Cross-border flows: Now that seasonal destocking by Malian farmers has resumed, flows of traditional cereals have become markedly larger in comparison with the previous quarter. However, due to high demand from transhumant herders on Malian land, flows remain smaller overall than those of an average year. Flows of rice from Senegal, which are checked by customs officers in both countries, also remain small. Flows of vegetables and fruit from North Africa are steady and provide an adequate and regular supply to the Nouakchott market, which then supplies the country’s interior markets.

    Consumer markets: The formal market and government shops are being regularly stocked with staple foods. However, since May, there has been a continuous upward trend in the prices of these products which is increasingly worsening the terms of trade for livestock and cereals at the expense of households. Compared with the same period in 2017, the biggest rises are affecting sorghum (up by 53 percent in the agropastoral zone, 18.42 percent in the oasis zone, 81.8 percent in the Senegal River Valley and 50 percent in the rainfed crop zone). These price increases are due to the low level of seasonal supply, which is due to the significant deficit in the production of this cereal and the rationing of Malian transfers between April and May. In addition, the shift in demand from sorghum to wheat, which is already in high demand among livestock farmers (as livestock feed), has increased the price of this imported cereal. In all livelihood zones, the increase in wheat prices, which is a common occurrence during the lean season (April and August), is markedly higher than in an average year. This increase is about 10 percent in the agropastoral and rainfed crop zones and reaches 62 percent in the center of the Senegal River Valley, where the low seasonal production levels of local rice makes it the main substitute cereal for sorghum.

    Livestock markets: All livestock markets are poorly stocked. In addition to the effects of long-distance transhumance, there has also been a reduction in livestock numbers, which is limiting supply. Furthermore, the deterioration in their physical condition has led to a large fall in demand for sheep and cattle. Although sheep and cattle prices at all markets have fallen continuously since the beginning of the year, they are relatively stable compared with the same period in 2017 and the five-year average. This situation has been caused by the significant pasture deficit in pastoral areas between May and July over the past five years.

    Food and nutrition: The food situation is continuing to worsen for poor households in all zones with significant agricultural and pastoral activities. In addition to the decline in seasonal agricultural production, there has also been a fall in households’ incomes (which are used to buy food) and difficulties with regular and adequate access to water. In most livelihood zones, these households have changed their eating habits by consuming wheat and pasta instead of sorghum and rice. They have also reduced the sizes of their meals (from a quarter to half) and even limited themselves to two or one a day (compared with three under normal circumstances).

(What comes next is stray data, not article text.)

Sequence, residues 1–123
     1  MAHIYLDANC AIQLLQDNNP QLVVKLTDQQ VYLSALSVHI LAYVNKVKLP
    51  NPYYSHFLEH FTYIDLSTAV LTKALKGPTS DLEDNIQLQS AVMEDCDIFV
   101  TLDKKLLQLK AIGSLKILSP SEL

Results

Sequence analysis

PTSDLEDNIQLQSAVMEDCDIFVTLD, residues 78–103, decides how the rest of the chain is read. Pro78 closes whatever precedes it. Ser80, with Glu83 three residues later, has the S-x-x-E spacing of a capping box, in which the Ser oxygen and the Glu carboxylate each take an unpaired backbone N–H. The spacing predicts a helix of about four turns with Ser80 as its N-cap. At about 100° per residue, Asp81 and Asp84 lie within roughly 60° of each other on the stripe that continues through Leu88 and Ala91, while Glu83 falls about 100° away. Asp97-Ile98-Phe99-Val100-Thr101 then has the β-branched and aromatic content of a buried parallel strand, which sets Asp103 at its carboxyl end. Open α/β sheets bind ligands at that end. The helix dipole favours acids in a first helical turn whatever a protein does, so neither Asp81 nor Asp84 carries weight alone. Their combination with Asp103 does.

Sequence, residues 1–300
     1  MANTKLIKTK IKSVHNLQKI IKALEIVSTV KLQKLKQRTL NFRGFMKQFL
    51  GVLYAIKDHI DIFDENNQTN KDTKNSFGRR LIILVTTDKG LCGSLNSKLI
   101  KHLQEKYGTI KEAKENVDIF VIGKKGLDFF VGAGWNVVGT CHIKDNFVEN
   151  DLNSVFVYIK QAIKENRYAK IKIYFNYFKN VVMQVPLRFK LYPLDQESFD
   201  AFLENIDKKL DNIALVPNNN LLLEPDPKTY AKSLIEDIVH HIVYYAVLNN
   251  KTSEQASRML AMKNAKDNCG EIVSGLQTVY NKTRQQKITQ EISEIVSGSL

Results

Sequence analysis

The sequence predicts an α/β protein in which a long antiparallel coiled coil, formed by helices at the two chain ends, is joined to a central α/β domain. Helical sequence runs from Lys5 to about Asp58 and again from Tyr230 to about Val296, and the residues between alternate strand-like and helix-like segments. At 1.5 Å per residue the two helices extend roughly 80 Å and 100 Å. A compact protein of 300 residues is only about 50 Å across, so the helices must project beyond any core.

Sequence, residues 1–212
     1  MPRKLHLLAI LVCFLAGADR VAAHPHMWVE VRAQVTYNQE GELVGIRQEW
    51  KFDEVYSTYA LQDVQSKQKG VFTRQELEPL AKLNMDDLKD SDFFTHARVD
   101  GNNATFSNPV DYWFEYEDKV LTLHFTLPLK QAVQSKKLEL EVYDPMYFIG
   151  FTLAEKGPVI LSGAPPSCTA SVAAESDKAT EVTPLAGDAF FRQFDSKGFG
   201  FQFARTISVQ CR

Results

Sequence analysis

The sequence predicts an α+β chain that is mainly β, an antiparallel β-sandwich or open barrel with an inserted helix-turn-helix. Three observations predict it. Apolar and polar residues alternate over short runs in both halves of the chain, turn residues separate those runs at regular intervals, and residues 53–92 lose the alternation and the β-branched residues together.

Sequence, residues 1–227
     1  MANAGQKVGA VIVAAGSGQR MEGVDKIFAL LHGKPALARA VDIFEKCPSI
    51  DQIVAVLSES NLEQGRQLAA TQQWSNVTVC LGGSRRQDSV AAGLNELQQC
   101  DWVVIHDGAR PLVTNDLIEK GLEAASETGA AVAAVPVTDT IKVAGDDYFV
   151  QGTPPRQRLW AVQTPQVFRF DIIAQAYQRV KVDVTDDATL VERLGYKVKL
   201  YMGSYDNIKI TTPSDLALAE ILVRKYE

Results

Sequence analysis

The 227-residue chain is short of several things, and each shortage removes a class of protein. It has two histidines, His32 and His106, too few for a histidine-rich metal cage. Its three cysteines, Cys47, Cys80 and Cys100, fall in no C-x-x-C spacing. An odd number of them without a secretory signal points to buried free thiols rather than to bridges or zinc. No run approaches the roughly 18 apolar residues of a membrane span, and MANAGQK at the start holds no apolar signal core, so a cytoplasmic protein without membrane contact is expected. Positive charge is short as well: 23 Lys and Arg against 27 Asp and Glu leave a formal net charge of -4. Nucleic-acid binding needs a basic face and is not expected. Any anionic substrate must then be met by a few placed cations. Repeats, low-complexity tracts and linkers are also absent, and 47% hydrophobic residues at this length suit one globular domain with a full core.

Although the conditions for global acute malnutrition (irregular and inadequate food intake, difficult access to water, poor dietary diversity, etc.) are present and higher than in an average year in most livelihood zones, Action Against Hunger surveys show that alert threshold levels with rates that are close to or even higher than the critical threshold levels under World Health Organization standards are only present in Guidimakha (17 percent) and Hodh Ech Chargui (13 percent). In the Amourj department, nine deaths caused by malnutrition have just been reported. The information communicated by our price investigator in Adel Bagrou was confirmed by the Food Security Commission (CSA).


    The most likely food security scenario from June 2018 to January 2019 is based on the following underlying assumptions with regard to trends in nationwide conditions:

    Agroclimatic situation: Given the quantity and frequency of rainfall in the country in the final dekad (10-day period) of June, it is hoped that the season will start as normal, which will restart rainfed agricultural activities and encourage new pasture growth. Average rainfall in Mali and Guinea will ensure optimal flooding of the Mauritanian walo and raise river levels to a satisfactory level for irrigated winter crops (rice, maize and vegetables).

    Locusts: Although the locust situation has been calmed over the last few years by significant rainfall and pasture deficits, it may become critical between October and January resulting from a lack of monitoring in certain areas in the Sahel and Sahara due to insecurity. However, the CNLA is carrying out regular Agriculture: Land in rainfed crop and agropastoral zones could be worked on from the beginning of July. Issues in terms of access to seeds, the fear of similar rainfall to 2017 (with a lengthy cessation in July) and the fear of seeing their fields destroyed by returning transhumant livestock are factors that may lead to a reduction in the areas that will be planted with crops at the beginning of the season. This situation should particularly affect short-cycle crops which are sown at the beginning of the rainy season (during the first two dekads of July). It is therefore likely that the rainfed crop yield will be lower than that in an average year.

    Since the irrigated areas cultivated during the rainy season will be smaller than those in an average year, a decrease in irrigated crop yields (rice, maize and vegetables) is also to be expected.